In the immortal words of Crow T. Robot: "SEE YOU IN YOUR NIGHTMARES!"

Overall, while it was no IGN theater, it was still a pretty fun panel to be at, and Ennis has gotten me interested in checking out more of his work through discussing it (so much so that I've been binging on The Boys lately.)  So, despite my initial "OH GOD WHY?" on reading it, I might give his Crossed webisodes a go when the time comes.

From there, and because it was nearby, we decided to pay Mr. Mignola a second visit for his panel regarding the upcoming comic Hellboy in Hell.  I was pleasantly surprised with the format here.  As they set it up, they only intended to talk a small sales pitch, then let fans ask their questions to make up the bulk of the panel.

Again, they didn't give us a lot of visual aid to work with here...though they gave us some great discussion.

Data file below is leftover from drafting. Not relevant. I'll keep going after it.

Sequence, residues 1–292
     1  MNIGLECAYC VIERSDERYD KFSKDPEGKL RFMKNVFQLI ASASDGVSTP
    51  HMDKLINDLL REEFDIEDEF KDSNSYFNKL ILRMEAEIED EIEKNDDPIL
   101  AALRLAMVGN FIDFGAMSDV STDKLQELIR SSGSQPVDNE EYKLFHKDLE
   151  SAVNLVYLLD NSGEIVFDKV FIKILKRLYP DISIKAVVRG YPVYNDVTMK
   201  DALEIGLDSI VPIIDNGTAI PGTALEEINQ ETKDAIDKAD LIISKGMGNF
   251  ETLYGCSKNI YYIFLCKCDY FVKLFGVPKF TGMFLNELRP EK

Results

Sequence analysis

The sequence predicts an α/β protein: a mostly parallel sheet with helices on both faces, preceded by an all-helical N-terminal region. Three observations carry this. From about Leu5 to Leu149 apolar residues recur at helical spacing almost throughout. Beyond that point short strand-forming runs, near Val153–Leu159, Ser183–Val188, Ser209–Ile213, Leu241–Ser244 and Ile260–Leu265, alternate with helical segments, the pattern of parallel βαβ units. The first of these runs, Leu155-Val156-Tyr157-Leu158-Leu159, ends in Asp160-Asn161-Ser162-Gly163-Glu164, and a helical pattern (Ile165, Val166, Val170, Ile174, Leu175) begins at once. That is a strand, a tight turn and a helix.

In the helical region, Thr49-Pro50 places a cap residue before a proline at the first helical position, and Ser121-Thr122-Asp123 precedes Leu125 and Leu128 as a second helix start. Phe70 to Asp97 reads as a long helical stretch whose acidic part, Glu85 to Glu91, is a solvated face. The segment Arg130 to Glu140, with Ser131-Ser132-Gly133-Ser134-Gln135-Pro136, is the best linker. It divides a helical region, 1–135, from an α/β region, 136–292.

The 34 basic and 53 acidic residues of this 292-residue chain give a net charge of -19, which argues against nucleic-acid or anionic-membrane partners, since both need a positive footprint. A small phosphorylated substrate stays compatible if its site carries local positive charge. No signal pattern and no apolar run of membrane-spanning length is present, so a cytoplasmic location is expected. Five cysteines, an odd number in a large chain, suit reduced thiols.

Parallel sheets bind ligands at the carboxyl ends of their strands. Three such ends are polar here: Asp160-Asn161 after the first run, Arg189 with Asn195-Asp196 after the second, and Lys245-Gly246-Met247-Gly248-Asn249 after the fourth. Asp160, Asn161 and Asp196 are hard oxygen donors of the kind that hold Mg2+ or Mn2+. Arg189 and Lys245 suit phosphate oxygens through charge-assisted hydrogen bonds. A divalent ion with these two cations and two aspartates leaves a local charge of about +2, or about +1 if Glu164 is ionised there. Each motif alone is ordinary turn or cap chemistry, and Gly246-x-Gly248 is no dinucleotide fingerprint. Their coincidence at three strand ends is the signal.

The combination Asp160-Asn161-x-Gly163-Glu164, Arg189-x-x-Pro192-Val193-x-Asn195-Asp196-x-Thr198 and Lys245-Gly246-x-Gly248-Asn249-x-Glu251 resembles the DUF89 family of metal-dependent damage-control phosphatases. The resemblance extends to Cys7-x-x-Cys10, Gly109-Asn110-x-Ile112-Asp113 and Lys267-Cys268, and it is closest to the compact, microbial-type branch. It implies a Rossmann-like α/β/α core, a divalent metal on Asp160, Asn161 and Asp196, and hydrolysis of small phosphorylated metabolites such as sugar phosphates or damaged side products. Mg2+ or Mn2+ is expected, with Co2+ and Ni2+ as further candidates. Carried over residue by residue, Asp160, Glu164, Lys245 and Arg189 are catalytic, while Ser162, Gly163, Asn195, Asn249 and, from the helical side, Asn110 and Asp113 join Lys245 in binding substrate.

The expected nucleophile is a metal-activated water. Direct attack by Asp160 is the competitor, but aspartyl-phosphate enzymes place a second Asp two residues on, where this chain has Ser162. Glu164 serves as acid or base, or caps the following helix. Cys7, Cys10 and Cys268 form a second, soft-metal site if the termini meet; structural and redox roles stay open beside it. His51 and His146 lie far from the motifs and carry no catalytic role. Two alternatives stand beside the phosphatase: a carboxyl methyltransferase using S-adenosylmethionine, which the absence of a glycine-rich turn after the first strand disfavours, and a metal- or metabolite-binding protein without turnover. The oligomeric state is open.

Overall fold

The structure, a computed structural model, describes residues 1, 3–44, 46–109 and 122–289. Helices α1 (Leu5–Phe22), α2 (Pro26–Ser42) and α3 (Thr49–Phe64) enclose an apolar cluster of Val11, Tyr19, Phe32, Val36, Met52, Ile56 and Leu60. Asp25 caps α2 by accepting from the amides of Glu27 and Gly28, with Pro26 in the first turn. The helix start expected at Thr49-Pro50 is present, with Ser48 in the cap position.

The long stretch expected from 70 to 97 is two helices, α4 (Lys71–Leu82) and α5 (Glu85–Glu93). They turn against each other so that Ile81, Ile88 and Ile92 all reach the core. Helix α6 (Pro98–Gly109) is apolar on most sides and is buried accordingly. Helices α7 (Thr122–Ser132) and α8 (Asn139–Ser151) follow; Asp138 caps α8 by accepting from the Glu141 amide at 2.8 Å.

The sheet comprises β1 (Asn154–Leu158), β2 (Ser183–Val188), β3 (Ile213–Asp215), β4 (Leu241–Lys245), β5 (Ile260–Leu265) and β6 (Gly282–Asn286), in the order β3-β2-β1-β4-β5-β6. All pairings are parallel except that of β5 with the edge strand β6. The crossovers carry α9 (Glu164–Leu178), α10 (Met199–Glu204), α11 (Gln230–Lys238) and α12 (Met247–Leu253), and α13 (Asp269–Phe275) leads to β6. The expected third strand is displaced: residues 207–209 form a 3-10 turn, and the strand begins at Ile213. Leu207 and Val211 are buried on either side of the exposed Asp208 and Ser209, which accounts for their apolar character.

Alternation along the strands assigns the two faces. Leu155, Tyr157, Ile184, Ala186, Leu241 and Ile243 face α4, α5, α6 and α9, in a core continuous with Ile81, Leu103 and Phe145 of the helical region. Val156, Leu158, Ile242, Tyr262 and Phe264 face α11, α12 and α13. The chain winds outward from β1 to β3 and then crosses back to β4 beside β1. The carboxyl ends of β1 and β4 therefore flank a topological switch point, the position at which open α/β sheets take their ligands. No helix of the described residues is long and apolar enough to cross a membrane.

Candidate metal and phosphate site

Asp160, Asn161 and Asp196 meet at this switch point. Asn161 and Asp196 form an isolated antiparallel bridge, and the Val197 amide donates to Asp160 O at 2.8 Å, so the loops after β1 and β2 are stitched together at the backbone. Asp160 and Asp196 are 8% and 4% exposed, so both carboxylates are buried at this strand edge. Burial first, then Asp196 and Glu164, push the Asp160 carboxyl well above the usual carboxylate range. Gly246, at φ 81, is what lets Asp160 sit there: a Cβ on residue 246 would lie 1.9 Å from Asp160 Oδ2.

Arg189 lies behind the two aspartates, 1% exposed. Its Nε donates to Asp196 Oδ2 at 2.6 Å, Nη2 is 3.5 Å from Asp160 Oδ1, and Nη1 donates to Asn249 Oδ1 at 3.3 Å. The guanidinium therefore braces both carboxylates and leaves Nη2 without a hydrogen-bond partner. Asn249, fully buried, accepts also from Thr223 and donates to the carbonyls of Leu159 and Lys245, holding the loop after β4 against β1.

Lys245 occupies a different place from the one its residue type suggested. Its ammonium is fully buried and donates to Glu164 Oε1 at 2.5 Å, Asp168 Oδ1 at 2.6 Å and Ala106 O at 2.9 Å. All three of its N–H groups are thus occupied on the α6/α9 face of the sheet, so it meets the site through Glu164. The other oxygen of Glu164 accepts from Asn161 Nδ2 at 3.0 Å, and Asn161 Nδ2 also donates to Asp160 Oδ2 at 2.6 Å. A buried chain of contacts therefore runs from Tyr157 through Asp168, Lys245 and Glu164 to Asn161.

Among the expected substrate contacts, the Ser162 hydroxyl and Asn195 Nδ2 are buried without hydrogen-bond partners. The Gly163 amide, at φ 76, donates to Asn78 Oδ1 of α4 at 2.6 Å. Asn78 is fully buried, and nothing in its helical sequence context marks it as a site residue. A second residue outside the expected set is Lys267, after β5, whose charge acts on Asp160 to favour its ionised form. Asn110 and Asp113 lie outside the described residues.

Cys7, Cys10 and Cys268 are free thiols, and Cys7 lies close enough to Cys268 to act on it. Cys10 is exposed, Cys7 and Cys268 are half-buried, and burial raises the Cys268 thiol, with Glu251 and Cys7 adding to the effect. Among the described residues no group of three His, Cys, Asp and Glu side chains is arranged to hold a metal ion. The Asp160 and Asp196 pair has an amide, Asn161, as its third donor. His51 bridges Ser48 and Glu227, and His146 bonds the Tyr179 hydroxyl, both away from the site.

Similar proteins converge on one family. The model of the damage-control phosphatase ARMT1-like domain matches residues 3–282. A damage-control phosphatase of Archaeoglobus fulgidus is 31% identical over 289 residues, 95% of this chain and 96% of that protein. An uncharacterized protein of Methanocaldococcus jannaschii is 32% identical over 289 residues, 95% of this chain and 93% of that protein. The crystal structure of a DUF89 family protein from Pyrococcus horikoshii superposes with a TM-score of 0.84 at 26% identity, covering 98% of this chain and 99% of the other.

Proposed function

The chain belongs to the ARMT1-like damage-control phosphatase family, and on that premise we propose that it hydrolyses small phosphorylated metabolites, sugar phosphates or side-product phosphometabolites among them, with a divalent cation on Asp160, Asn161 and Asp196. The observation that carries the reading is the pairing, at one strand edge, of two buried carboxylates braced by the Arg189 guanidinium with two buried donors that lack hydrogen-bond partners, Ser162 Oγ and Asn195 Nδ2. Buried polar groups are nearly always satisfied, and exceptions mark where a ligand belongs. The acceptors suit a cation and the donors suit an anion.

This actually lead to a lot of interesting info that otherwise wouldn't have come up in a straight sales pitch.  Though the pitch did make some interesting reveals (Hellboy in Hell starts in December, for the record.  Alongside that, several past characters will be returning in other stories, including fan favorite crime fighter-cum-thorn in the Nazis' side, Lobster Johnson.)  Among things that were discussed in fan questions were questions of influence (while Mignola says he has no specific influences, he does admit to something of a soft spot for Norse mythology and being inspired by painters more than comic artists) to future plans for both Hellboy as well as other creations.  In the latter case, Mignola has said that The Amazing Screw-On Head will not be returning at any point.  Not out of any sense of dislike so much as he simply feels he's done all he can with the idea.  In the case of other Hellboy-related tie-ins, he currently has heard no word about plans for a third beyond the fact he's up for it and he knows Ron Perlman is up for it whenever Del Toro wants to make it happen.  To this end, as far as he knows, there will be no word on another animated Hellboy movie unless another prominent Hellboy-related release comes up for it to tie into.  A lot of the q&a actually went into the creative process behind the Hellboy/BPRD world and Mike and the other artists all offered some interesting insights into it (things like Hellboy's death had been loosely planned, but there was no set timeline - the pieces simply fell into place and how they're trying to avoid making their version of Hell bear resemblance to any popularized versions of Hell out there.)